Nagged by problems in its core processing businesses, First Data Corp. has elevated Charles T. Fote to president and chief operating officer.
For the last six months, Mr. Fote led First Data Merchant Services, where he reduced the staff by 10%.
In his newly created post, reporting to chairman and chief executive officer Henry C. "Ric" Duques, Mr. Fote is expected to pursue further streamlining.
Mr. Fote's promotion was announced late last Thursday along with a lowering of earnings estimates and the announcement of a $500 million stock buyback.
The leading bank card processor has seen its share price decline as it has had to digest numerous acquisitions and adjust to consolidation in the credit card industry.
"They weren't prepared-operationally speaking-to weather any market issues such as pricing pressure," said Mark Wolfenberger, director of global information technology services at Credit Suisse First Boston in New York. "Now they have to address those things simultaneously."
Much of the turnaround responsibility falls on Mr. Fote, 49, who joined First Data Resources in 1975 and has been credited with the successful expansion of its Western Union division. Mr. Fote ran that unit before taking over merchant services from Roger Peirce, who thereafter became chairman and CEO of U.S. Wireless Data Inc. in Emeryville, Calif.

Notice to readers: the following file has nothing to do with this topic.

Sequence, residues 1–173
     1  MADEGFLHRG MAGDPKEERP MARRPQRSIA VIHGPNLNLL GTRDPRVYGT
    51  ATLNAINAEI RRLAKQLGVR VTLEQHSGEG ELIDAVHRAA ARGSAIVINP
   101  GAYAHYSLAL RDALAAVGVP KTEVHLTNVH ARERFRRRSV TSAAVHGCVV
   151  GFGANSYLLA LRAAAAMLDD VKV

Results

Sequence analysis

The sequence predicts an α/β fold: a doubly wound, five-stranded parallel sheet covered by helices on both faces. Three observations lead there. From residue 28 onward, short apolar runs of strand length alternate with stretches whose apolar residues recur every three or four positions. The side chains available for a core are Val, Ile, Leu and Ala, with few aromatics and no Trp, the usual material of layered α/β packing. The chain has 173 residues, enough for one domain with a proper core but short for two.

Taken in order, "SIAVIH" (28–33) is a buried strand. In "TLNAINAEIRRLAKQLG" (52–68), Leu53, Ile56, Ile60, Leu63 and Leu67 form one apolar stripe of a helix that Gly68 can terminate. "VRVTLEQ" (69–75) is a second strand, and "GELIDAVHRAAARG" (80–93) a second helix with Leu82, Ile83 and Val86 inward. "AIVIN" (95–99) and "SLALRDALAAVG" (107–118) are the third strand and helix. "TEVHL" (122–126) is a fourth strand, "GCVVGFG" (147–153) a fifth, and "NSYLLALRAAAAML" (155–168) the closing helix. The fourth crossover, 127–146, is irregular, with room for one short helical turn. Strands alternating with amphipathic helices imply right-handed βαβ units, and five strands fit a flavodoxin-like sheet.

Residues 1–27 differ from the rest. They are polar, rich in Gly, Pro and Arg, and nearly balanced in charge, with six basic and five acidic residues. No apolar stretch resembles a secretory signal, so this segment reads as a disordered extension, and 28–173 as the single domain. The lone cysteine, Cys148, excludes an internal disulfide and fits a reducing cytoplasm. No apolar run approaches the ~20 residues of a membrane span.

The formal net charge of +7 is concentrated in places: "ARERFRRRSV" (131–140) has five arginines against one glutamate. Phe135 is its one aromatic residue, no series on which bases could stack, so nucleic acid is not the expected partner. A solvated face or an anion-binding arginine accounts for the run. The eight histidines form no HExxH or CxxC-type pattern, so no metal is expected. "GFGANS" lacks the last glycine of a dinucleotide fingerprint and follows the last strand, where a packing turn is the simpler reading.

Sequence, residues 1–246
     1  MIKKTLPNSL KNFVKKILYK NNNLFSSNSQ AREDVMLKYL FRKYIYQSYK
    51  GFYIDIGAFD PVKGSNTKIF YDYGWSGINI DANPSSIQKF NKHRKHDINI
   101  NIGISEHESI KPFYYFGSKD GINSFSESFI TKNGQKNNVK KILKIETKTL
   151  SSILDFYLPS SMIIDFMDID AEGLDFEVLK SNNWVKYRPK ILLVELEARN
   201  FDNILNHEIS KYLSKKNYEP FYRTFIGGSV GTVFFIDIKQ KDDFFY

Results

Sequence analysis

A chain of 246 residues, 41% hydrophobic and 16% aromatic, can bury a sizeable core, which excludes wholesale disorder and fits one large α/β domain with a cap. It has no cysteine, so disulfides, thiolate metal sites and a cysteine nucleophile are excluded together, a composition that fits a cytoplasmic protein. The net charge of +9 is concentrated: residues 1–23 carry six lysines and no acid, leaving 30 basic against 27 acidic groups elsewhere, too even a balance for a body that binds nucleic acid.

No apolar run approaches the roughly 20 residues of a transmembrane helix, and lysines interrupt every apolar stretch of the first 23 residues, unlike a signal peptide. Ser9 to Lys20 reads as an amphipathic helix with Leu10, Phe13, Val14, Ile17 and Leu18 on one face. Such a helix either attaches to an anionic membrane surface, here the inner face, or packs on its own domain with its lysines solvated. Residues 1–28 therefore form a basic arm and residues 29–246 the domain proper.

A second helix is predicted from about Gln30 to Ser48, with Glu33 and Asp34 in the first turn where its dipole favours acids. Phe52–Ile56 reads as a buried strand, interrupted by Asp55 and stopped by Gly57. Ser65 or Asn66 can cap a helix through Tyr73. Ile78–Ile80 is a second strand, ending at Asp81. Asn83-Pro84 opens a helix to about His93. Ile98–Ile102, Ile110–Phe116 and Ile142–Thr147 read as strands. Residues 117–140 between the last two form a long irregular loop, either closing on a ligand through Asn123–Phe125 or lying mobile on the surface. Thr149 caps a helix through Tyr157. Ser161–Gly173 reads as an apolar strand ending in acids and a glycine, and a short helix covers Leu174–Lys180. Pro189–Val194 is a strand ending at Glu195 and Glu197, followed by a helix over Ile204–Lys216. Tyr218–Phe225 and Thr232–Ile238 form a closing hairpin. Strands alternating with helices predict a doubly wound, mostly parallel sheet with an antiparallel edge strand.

Mr. Fote's task will be "to break down the silos and walls and run things as a whole company," said Mr. Duques.
In a conference call Friday with investors and analysts, Mr. Duques said further "restructuring is possible in the future."
Eula Adams, 48, was put in Mr. Fote's former position as executive vice president of merchant services and member of First Data's executive committee. He had been overseeing Western Union and Teleservices.
Along with the management changes, Hackensack, N.J.-based First Data said 1998 earnings would be $1.55 to $1.60 a share, 5 cents lower than previously projected.
First Data chief financial officer Lee Adrean said a general economic slowdown, which affects consumer spending, is to blame for some of the woes. The company is confident earnings will increase in 1999, he said.
Analysts said First Data's is taking its boldest remedial steps, but there is concern they are "a little late."
"First Data doesn't have time to waste-they have to get lean and mean," Mr. Wolfenberger said. "There should be some buoyancy to the stock, given the new announcements."
The long-term outlook will depend on the type of restructuring, said Paul Martaus, president of Martaus & Associates, a merchant processing consulting firm in Clearwater, Fla.
Mr. Fote "knows how businesses run and what they need in order to be profitable," Mr. Martaus said.